Jane

    Jane lived in Beltinge, Herne Bay, where she was a well-known member of the local community. She was a devoted wife, mother and grandmother, and a much-loved ophthalmic nurse in the outpatients department at Kent and Canterbury Hospital.

    Charlotte said: “She was the life and soul of the party and has left a big hole in our lives.

    “When Mum was admitted to the hospice, I was frightened because I thought it was a place of sadness where everything would be very clinical – but I was amazed from the moment I walked in. I was overwhelmed by the kindness and care that Pilgrims’ staff offered, not only to Mum but to our whole family. We could use all the different spaces, including the beautiful gardens, the family room – which was ideal with Hugo, who was four at the time – and the small chapel area for quiet moments of reflection. My mum was made to feel comfortable, reassured and, most importantly of all, normal.”

    Mark and Hugo have taken part in Pilgrims’ festive fun-run, Santas on the Run! in Herne Bay, every year since 2017. The family has also supported Pilgrims’ annual Trees of Love remembrance campaign and been involved with several other fundraising activities.

    As a family, they fundraise to give back and say thank you for the care Jane received, helping to ensure that others can benefit from local hospice services.

    Hugo with his granny, Jane

     

    Charlotte added: “Pilgrims has become a cause incredibly close to our hearts; the work they do day in and day out to make the most painful moments in life a little bit easier, more bearable and totally human, is nothing short of amazing. We will always be grateful for those last moments with Mum in such a safe place.

    Mark and Hugo at Santas on the Bay!

    “They’re a great local charity, and we are forever connected to them through my mum. Pilgrims help thousands of people every single day to make their last moments with special people matter. Through fundraising, we hope to raise awareness of this great cause and offer a small gesture that might help other families in difficult times.”

    You can support Charlotte, Mark and Hugo by donating to their JustGiving page.


    Each year, Pilgrims Hospices give care and comfort to over 2,500 people in east Kent who are coming to terms with an illness that sadly cannot be cured. The charity support patients to live life as well as possible until the very end, free from pain and distress.

    10th January 2022

    “Spiritual care is at the heart of palliative care” – Spiritual Care Awareness Month 2022

    Martyn Yates is a Spiritual Care Lead and Complementary Therapist at Pilgrims Hospices, based at the Canterbury hospice.

    He shares how he came to his spiritual care role, what spirituality means to him in practice and why he believes it plays such a vital part in hospice care.


    My average day working in palliative care at Pilgrims is spent looking after our patients, families and staff in as holistic a way as possible, which I find tremendously rewarding.

    I’ve been working at Pilgrims Hospices for 33 years, initially as the Complementary Therapy Lead. When our chaplain left eight years ago, I was asked if I would be interested in “looking after the spiritual care of patients” from a “non-religious” point of view. I considered the request and agreed to it.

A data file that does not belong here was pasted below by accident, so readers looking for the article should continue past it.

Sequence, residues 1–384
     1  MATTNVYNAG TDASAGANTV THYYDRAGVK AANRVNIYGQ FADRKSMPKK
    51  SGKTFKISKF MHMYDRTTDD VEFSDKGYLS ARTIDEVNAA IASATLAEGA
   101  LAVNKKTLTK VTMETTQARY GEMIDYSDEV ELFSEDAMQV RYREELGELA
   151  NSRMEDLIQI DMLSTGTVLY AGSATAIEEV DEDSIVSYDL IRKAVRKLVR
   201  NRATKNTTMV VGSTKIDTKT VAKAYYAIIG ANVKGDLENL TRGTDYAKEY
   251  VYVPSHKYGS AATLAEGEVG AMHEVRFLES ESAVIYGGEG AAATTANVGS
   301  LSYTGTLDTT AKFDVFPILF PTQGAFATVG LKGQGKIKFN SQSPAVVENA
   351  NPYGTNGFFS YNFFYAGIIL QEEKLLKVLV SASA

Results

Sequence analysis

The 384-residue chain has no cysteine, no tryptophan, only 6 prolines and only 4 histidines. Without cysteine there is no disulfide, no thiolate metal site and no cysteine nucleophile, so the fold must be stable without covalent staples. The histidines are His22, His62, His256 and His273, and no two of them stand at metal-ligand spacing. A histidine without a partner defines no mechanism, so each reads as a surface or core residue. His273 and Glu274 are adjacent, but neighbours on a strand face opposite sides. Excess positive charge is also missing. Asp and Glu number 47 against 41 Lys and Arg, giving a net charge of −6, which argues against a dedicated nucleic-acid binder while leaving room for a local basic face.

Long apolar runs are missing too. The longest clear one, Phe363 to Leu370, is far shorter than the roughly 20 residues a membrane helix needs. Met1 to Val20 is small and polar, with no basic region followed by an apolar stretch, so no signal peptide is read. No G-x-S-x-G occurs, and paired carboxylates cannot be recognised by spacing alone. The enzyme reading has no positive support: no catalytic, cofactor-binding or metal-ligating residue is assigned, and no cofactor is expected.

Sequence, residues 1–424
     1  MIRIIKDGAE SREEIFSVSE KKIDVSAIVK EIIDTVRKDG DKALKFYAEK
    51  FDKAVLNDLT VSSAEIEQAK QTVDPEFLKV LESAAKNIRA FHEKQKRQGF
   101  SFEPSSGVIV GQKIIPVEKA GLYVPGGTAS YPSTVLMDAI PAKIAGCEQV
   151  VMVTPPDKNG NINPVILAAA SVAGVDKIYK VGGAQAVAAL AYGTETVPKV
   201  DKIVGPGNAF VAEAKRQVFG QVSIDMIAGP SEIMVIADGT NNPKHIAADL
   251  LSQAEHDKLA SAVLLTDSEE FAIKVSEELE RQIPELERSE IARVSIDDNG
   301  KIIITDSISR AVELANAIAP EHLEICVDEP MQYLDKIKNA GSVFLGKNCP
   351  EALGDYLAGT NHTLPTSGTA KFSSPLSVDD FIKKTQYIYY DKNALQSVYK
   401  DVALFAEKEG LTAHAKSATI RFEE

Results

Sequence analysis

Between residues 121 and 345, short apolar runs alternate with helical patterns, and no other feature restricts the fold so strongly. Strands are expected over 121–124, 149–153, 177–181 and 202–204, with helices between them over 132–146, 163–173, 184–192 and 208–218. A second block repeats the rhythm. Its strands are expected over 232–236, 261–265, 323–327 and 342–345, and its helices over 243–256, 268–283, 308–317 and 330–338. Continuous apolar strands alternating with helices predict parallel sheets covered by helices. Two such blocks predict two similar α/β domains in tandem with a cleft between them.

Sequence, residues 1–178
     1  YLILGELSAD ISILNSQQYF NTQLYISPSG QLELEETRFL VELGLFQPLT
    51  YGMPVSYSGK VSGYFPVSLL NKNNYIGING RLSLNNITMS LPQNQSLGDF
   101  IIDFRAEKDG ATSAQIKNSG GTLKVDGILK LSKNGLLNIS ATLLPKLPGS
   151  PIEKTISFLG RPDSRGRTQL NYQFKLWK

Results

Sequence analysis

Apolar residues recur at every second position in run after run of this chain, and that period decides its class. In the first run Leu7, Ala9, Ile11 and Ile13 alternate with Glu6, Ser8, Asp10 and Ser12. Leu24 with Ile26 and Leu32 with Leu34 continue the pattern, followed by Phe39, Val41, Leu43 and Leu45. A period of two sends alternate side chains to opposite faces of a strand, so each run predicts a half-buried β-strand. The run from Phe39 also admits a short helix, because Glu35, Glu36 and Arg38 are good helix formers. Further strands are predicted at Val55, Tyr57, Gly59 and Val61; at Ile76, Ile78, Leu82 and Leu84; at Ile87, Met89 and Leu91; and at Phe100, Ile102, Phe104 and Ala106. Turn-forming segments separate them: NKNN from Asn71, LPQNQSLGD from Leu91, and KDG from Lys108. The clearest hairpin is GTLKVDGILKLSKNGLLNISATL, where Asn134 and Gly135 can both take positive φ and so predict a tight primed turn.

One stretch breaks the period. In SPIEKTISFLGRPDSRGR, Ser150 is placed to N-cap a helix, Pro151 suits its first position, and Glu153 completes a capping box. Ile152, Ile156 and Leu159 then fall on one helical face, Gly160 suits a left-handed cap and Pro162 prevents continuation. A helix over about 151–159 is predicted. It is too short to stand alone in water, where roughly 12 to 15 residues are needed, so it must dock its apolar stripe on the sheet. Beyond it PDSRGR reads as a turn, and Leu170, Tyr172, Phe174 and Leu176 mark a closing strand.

I’ve always had an interest in the spiritual aspects of life. In the 60s and 70s, I pursued many aspects of spiritual development whilst teaching in different denominational schools in South London; from this, I formed my own ideas of spirituality. Then, coming back down to Minnis Bay in Thanet with my wife to have a family and moving into the Alternative Therapy world – later to become the Complementary Therapy world – I continued to pursue other personal aspects of spiritual development and my life’s path became a spiritual one.

    In everyday life, my daily spiritual practices give a foundation for me to have the best day I possibly can. Working at Pilgrims Hospices, I believe spiritual care is at the heart of palliative care; it is personal and can successfully cater for people of a particular religious faith or none.

    As I also work as a complementary therapist, I treat my patients holistically – which means looking after their mind, body and spirit – and this fits in perfectly with my spiritual care role. It allows me to meet and get to know not only the patients but also their families, and I do my best to help them through this part of their journey.


    Pilgrims Hospices celebrated Spiritual Care Awareness Month throughout January 2022, showcasing the many ways that spiritual care can make a positive difference to patients, their families, carers and loved ones.

    Click here to find out more.


    There’s much more to death than we think; what if it isn’t just an ending, but an event we can plan for? Thinking beyond the four walls of hospices and hospitals, we have the chance to approach it with confidence and plan a good death. After Wards is a collection of insights and ideas from people who can help us all to re-imagine this essential part of life, and to live well until we die.

    Continue the conversation at our Time to Talk events with film screenings, poetry readings, Death Cafes and much more. 

    3rd January 2022

    “Dying isn’t just a physical process” – Spiritual Care Awareness Month 2022

    Sophie Van Walwyk is Head of Psychosocial, Wellbeing and Bereavement Services at Pilgrims Hospices.

    She introduces Pilgrims’ Spiritual Care Awareness Month, explains how and where spiritual care fits within hospice care, and shares what spirituality means to her personally.